Too often we rely on others for our lives. We live through the actors and writers of television and movies, through the characters and writers of the books we read, through what our neighbor did that was broadcast on last night’s news, through our relatives who have far more interesting lives than we do. We try to add their experiences to our own without leaving the comfort of our pillowed seats. To experience the height and depth of emotion from security.

And, yes, that’s one of the reasons I want to write: to transport people to another world, to give them experiences they may never have, to let them see, walk, and feel through someone else, beyond themselves. But not, certainly not, as a substitute for their own life. It should be a supplement.

Go out into the world and experience, feel, live!

“It is nothing to die. It is frightful not to live.” – Victor Hugo, Les Miserables



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Tunnel Vision

Old Amagi Tunnel which is famous for The Danci...

Old Amagi Tunnel….Izu Peninsula in Shizuoka, Japan (Photo credit: Wikipedia)

You’ll find out soon enough, so I might as well let the cat out of the bag. I’m pretty crazy. (Pretty: word used to soften and dress up the truth.) Or maybe I’m pretty and crazy. 😉 (Haha.) “No, Officer, on my honor, I have not been drinking. I did have a little Chinese though.”

With that ridiculous, just-to-prove-I’m-crazy introduction, I will move to the main event. I wanted to share a story with you.

I’m not the only character in this tale. You see, I have a partner in crime, and she’s just as crazy as I am. I mean it. We once stumbled, giggling, down a hotel hallway – bumping into walls and everything – at 2 o’clock in the morning – quiet as possible – each with a bottle of root beer in our hands. (Yes, I said root beer.)

But that’s not this story. For the sake of the story, for now, let’s call her Stupid and me Darlin’. Now, before you throw rotten tomatoes in my face, let me explain that these nicknames do not necessarily have any bearing on our personalities and were gained quite spontaneously with neither deserving our respective titles. I was not being a darling (happens more than I’d like to admit), and she was not being stupid. Then. Uh, scratch that. (Then.) *cough* 😉 But that is a different story as well.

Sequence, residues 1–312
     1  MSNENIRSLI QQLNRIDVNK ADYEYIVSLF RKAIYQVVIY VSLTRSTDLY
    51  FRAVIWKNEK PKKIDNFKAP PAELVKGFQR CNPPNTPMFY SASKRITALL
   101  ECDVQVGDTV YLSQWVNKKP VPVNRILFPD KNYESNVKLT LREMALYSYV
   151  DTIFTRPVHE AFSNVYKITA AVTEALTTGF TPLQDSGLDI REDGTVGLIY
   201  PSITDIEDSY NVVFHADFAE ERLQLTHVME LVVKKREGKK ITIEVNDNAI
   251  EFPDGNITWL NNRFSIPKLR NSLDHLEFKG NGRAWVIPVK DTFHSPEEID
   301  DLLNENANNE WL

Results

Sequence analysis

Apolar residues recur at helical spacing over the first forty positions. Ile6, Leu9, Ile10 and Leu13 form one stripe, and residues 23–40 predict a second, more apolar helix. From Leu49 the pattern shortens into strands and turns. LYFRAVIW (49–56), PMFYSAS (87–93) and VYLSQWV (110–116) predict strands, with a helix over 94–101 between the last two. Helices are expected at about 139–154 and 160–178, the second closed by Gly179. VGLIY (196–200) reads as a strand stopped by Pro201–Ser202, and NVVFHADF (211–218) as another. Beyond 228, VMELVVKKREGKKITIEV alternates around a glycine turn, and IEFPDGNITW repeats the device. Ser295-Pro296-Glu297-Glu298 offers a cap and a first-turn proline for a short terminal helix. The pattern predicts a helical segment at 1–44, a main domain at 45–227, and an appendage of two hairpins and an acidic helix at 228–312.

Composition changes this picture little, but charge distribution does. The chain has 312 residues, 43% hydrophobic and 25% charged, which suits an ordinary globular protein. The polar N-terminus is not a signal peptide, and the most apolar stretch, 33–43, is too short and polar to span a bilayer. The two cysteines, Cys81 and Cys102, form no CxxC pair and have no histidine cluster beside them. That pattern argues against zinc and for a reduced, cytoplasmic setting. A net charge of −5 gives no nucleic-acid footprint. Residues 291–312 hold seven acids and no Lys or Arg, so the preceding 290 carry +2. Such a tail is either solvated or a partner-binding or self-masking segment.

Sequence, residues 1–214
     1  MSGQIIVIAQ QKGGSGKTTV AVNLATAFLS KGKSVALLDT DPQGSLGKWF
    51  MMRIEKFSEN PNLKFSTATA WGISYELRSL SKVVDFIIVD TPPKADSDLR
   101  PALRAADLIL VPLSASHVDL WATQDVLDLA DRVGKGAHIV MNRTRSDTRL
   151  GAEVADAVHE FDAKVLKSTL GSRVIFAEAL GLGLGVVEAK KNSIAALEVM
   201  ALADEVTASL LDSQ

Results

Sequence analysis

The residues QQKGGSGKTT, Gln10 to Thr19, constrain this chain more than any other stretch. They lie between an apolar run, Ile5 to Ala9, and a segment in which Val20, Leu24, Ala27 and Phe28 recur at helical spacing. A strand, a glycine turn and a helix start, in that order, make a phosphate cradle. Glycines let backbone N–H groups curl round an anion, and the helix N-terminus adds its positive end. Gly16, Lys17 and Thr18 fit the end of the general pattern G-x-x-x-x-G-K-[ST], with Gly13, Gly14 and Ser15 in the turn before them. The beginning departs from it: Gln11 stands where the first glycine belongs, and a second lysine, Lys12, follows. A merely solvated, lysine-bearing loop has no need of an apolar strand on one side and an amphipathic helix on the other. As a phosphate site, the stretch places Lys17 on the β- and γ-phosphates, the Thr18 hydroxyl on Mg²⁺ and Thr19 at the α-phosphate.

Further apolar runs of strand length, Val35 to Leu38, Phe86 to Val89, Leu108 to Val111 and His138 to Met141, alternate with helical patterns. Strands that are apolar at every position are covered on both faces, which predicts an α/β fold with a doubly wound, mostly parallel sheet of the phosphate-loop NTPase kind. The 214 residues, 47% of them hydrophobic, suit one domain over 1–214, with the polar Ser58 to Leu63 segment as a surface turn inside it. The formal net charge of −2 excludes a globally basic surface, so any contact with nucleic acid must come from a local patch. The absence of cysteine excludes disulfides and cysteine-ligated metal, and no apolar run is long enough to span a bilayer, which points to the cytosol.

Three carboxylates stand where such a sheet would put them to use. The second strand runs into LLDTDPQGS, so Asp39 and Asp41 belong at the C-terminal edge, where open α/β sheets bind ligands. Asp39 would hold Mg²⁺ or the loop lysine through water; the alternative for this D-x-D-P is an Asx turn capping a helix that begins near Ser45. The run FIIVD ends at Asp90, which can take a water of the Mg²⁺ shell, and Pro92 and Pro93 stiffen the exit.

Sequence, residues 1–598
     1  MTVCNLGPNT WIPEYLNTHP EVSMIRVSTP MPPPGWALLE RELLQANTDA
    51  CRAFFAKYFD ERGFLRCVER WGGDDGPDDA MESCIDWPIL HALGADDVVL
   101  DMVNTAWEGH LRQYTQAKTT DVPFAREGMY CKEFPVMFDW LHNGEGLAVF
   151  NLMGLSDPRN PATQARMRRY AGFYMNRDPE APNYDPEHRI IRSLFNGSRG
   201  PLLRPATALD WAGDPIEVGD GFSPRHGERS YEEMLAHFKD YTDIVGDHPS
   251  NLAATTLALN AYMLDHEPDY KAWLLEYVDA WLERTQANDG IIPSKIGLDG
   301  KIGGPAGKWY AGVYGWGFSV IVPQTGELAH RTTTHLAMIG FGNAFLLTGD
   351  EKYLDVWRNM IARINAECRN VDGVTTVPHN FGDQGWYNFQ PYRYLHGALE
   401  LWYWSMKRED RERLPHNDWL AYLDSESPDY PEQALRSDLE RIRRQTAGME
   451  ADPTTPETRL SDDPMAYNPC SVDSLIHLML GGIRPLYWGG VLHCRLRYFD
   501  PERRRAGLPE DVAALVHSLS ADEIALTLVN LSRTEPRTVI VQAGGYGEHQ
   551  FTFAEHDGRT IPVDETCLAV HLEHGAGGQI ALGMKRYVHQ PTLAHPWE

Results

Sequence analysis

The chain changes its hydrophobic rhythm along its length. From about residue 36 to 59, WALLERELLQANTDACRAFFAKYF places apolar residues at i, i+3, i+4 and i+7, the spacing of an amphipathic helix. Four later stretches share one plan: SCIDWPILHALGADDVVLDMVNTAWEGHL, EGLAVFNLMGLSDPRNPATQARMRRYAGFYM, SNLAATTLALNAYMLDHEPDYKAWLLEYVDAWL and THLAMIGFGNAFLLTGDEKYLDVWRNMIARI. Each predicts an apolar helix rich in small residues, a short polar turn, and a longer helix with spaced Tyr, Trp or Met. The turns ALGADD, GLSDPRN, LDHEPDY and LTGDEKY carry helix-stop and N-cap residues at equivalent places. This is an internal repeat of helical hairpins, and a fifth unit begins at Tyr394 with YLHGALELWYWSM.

This story took place several years ago. It’s probably not the best story by which to introduce Stupid and Darlin’, as it paints us as such idiots. But, I think, everyone has their idiotic moments. It keeps us humble, and interesting. 🙂 (Please, don’t ever be this interesting.)

Back then we enjoyed taking drives, taking the long routes and enjoying the journey sans map. We would still enjoy these, but we don’t seem to have the time anymore. (Note to self: take a drive with Stupid.)

One lovely day, we were taking one of these long-route drives to meet some family. We didn’t have to get there immediately, so we took side roads virtually the whole way. We would look down a road, think, “Hm, that looks interesting” or “We haven’t been down this one” or “Let’s turn left this time”, and off we went, always moving in the general direction of the selected meeting place.

One such turn lead us down a road we had been down before, though it had been a long time. It was a straight shot, and we would not have gone all the way, but we spotted a dark, arced area where another road rose into a bridge.

Stupid or Darlin’, not sure which, said, “Look, a tunnel.” Now, maybe that’s selective memory. But, no matter. Whoever said it first became irrelevant as we both jumped on the bandwagon. “I never knew there was a tunnel under ‘Baker’ Road.” “Has that always been there?” “I wonder where it leads.” “Let’s find out.”

Excitement swirled in our stomachs. Another adventure. We had discovered something new in our very own stomping grounds. Something we never knew existed before and we were off to explore. The excitement made its way into my foot and we accelerated, though not too much as we were in a neighborhood. We were zipping down the road, eyes trained on the tunnel, when…